I have two kids, ages 7 and 2. My eldest is given access to the iPad on car trips and once in a while at home. My younger son likes to sit by his brother while he plays and of late, has been pointing to it and asking for it. There are some days when I have given in, especially during fussy mealtimes or when I need to work and keep him occupied. My question is, will allowing him to play on the iPad once in a while adversely affect his development? Is it a terrible idea to let him use it sometimes just to give Mommy a break?
– iConcerned, USA
There’s nothing inherently harmful about using tablets for either of your kids, and it may have some benefits. Tablets require that kids interact with the device both mentally and physically, with their fingers and hands not just watching. Particular kinds of learning can happen when a child sees that his action (like touching an image of a cow) makes something else happen (like a “moo” sound), and tablets can offer that kind of engagement in unique ways.
To keep it positive, pay attention to how long they’re using the iPad – your 2-year-old has a significantly shorter attention span than your 7-year-old. Observe him using it once or twice and you will see that after 15-20 minutes, he will probably look up for something else to do. When this occurs, direct him to another sort of play, with blocks, imaginary play, or going outdoors. This way the iPad becomes part of a rich and diverse menu of experience rather than drawing him back in for another cycle.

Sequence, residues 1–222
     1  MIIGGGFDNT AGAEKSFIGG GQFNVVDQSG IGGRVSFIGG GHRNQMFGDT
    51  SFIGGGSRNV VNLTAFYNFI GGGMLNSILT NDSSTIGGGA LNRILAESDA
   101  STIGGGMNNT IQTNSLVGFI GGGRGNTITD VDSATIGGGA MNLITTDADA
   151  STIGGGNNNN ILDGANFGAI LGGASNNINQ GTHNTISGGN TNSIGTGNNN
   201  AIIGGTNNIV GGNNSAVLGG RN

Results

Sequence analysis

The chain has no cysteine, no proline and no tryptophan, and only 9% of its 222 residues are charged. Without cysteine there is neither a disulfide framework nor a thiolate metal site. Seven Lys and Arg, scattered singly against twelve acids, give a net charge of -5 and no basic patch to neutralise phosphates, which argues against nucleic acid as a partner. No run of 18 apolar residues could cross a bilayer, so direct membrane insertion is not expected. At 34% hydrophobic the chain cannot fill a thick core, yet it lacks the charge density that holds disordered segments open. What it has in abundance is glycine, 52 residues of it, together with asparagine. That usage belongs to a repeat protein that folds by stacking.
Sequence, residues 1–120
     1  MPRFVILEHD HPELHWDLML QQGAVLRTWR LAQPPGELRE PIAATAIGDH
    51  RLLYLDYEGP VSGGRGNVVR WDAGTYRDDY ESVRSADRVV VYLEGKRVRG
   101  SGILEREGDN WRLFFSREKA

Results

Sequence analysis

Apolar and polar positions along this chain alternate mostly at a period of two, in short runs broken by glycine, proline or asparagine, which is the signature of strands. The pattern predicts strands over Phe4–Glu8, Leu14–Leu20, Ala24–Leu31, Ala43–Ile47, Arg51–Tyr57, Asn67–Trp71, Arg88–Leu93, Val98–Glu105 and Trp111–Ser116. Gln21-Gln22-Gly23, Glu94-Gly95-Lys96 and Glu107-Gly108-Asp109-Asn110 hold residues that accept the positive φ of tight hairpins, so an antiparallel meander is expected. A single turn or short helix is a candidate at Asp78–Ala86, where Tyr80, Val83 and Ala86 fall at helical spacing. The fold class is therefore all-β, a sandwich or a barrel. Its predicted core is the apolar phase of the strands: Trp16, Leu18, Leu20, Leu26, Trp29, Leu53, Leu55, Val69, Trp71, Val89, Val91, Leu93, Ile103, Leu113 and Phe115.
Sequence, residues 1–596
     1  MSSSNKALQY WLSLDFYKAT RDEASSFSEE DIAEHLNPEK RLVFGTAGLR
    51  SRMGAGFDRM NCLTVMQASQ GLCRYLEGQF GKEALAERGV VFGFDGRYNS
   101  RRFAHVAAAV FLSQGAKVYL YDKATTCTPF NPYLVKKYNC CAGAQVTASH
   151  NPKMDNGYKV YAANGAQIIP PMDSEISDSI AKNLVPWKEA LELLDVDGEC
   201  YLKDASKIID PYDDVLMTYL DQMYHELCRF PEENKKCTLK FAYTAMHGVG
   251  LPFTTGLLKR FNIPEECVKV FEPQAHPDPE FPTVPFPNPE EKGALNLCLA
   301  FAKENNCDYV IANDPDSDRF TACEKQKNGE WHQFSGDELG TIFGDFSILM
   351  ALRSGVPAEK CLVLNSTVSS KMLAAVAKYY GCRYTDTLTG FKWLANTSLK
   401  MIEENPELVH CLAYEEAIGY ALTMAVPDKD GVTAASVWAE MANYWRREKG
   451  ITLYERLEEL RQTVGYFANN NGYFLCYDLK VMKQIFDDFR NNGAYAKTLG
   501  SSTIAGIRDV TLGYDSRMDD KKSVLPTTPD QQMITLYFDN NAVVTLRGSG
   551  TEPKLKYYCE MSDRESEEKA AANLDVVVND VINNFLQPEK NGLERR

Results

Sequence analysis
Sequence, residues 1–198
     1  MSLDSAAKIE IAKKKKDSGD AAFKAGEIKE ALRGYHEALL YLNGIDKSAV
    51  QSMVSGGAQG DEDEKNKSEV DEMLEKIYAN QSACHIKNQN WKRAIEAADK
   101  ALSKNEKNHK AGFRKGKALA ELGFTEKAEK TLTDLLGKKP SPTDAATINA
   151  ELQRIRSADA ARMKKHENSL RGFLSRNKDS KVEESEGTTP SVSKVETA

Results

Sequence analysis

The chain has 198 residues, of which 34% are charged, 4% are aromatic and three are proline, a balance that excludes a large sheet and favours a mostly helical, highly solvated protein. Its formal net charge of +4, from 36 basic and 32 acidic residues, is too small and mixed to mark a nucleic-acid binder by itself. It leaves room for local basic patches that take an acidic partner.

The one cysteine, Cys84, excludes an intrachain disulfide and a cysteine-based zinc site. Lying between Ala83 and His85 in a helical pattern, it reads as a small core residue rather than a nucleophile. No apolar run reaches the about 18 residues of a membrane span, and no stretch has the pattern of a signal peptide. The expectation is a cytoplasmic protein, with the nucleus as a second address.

The content each child is using should be developmentally optimal for each child—and that means having different content for each. Here are some tips to manage time and content:
- Choose content with each child in mind. You can use parent reviews from Common Sense Media to decide which apps, books, and games to try out, choosing a variety of activities such as finger painting, making music, and, for your 7-year-old, activities and games with reading, math, and science. Observe closely how each child responds and interacts with the content he is being exposed to, then help each of them choose content that will both interest and challenge them.
- Use it with them sometimes. The way that kids best use technology to learn and grow is with adult interaction and guidance, bonding with them and “scaffolding” their explorations.
- Use the tablet as part of their rich experience, rather than a babysitter. Continue to foster the same expectations for tablet time with your 2-year-old as you have done with your 7-year-old. While it is okay employ the tablet to smooth car rides or even to grab a few moments to work, I would recommend against using it at mealtimes for a host of physical and mental health reasons. It is important that the iPad doesn’t become an expected (or demanded) part of the daily routine and remains a special, once-in-a-while activity.
Enjoy your media and use them wisely,